"It's been the most rewarding challenge I've ever done."
So says young Southland beekeeper Steph Munro who has traded in a career in an office for a life outdoors with her beloved bees.
It all came about entirely coincidentally; Munro (26) and her husband Ryan were re-doing their garden and she headed to Nichols Garden Centre in Invercargill to buy plants.
She stumbled across a talk on bee-friendly plants and there were bees on display in a glass hive.
"Basically ... it was love at first sight," she recalled.
Wanting to know more, she signed up for an apiculture course through Taratahi and that covered everything from building a hive and the life cycle of bees to disease management and extracting honey.
And if she wasn't doing her course, then she was out with her tutor "bothering him about bees" and helping him check his hives.
She finished her first season with two hives and decided that it was a hobby she wanted to pursue.
Shortly before she was 5, Munro's family moved from Hamilton to Southland to pursue dairy farming opportunities.
Growing up surrounded by nature was a great lifestyle. At that stage, she was not sure what she wanted to do as she loved "everything" at school - both science and arts.
She completed a bachelor of applied media arts degree, majoring in graphic design, at Southern Institute of Technology in 2013, intending to become a graphic or interior designer.
She got a job doing marketing for Southland Farm Machinery for three years before being approached by NZME, where she worked as an account manager for two and a-half years.
She left that job in June to focus on bees and she reckoned she had now definitely found "her calling".
"We're very proud of what we do. I feel like I have a partnership with nature," she said.
Traditionally, beekeepers had been in the older age bracket but younger people were now starting to realise that it was something that was "really fun to get into".
There was definitely more room for more bees and more beekeepers and it was also a very respectful - and fun - industry to be involved in, she said.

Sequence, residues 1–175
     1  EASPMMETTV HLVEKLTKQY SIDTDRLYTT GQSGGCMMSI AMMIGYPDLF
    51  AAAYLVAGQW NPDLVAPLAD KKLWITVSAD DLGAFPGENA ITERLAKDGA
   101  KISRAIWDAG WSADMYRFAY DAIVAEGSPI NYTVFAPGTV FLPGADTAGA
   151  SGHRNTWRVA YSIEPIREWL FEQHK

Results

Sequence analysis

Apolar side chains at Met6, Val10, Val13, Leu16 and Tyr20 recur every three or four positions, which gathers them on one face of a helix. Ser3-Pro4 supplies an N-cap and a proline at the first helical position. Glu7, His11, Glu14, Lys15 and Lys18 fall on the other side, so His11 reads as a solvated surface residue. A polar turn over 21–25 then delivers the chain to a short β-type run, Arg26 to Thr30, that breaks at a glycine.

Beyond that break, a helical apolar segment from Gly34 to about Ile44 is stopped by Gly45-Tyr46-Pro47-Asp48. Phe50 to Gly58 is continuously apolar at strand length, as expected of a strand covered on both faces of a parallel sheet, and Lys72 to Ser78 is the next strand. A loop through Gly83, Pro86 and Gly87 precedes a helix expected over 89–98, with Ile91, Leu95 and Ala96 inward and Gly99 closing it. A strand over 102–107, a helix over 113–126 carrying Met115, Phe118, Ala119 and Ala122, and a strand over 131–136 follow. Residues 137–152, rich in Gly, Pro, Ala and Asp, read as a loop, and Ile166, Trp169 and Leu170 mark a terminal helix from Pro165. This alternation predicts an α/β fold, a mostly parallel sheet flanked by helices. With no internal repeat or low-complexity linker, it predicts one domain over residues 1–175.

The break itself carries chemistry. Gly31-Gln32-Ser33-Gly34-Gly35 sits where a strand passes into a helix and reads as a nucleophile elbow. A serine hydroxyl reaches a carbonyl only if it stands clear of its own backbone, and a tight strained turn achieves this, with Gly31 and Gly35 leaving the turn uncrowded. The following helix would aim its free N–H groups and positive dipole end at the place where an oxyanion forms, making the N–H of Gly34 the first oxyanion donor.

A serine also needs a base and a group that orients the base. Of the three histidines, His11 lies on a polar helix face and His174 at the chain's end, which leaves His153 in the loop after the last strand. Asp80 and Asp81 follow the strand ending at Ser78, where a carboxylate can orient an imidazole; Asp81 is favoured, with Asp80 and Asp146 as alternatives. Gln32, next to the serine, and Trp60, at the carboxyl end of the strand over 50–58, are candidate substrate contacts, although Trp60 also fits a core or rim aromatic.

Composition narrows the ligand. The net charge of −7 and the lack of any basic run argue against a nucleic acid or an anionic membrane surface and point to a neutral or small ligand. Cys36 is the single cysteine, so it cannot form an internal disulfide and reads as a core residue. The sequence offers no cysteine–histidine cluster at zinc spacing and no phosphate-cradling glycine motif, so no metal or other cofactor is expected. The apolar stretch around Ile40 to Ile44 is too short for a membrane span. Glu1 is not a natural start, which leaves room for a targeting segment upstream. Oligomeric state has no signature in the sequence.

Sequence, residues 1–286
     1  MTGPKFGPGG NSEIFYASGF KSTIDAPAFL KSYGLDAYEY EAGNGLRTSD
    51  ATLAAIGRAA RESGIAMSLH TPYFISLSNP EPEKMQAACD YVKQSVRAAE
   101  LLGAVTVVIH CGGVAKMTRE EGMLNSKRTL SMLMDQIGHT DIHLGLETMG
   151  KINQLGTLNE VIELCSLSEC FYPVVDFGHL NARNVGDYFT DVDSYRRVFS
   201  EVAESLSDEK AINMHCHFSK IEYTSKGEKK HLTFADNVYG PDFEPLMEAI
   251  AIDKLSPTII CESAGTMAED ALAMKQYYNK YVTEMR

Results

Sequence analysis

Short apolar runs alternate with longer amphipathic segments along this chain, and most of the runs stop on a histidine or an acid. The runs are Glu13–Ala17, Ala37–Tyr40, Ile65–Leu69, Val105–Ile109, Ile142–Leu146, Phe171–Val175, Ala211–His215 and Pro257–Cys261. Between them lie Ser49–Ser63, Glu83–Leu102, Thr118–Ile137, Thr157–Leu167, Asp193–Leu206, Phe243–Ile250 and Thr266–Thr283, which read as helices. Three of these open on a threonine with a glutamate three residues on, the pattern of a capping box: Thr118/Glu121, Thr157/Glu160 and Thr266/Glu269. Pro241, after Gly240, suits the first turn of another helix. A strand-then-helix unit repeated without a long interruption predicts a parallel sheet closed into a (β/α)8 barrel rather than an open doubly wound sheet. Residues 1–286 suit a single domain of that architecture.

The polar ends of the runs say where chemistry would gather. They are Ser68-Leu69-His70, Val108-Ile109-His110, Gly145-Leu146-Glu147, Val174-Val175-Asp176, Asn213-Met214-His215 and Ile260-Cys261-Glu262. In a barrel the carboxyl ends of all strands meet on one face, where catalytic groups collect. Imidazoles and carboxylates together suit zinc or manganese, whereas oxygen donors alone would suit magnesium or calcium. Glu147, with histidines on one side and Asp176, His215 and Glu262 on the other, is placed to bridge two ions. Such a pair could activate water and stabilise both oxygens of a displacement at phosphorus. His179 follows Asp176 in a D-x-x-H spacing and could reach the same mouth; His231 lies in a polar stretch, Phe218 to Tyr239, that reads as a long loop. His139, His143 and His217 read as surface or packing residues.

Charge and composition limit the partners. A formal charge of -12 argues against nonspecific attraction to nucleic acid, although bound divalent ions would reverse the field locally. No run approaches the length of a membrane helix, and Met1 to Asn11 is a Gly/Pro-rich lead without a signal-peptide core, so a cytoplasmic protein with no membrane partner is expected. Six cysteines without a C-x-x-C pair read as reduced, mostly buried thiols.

While there were not many women, there was no reason why more could not get involved. It was physically demanding - which was possibly seen as a barrier - or they may not have had a chance to "poke inside a beehive".
Full honey boxes weighed about 30kg to 40kg so beekeepers needed to be fit and strong, she said.
When she was 23, she sold her car to buy 15 more beehives. Coming into the new season, she would be getting close to 60 hives.
Mrs Munro loved working for herself and being outdoors. About 80% of her work was with her business Munro Honey Co and she still did a small amount of graphic design work - including
designing the likes of the packaging for her honey.
She bought her queen bees from Auckland as she had not yet perfected her queen rearing skills but that was something she wanted to learn.
Her honey was stocked at Holistic Health in Invercargill and would soon be available at The Port Pantry in Port Chalmers. The rest was online sales.
The honey was "just as the bees intended - basically beehive to toast" - and she took pride in little things such as sustainable packaging, including glass jars.
Mrs Munro admitted she ate a lot of honey, both her own and also that of other beekeepers' to extend her honey palate. That doubled as a good excuse to eat honey, she laughed.
As far as her plans, she wanted her business to stay "relatively small'. While she might end up with a couple of employees and a few hundred hives, she did not want to get too big, preferring to retain a nice work-life balance.
Husband Ryan - while not quite as passionate about bees as his wife - was "very wonderful" and helped at weekends and after work.
"He doesn't have much choice," she said.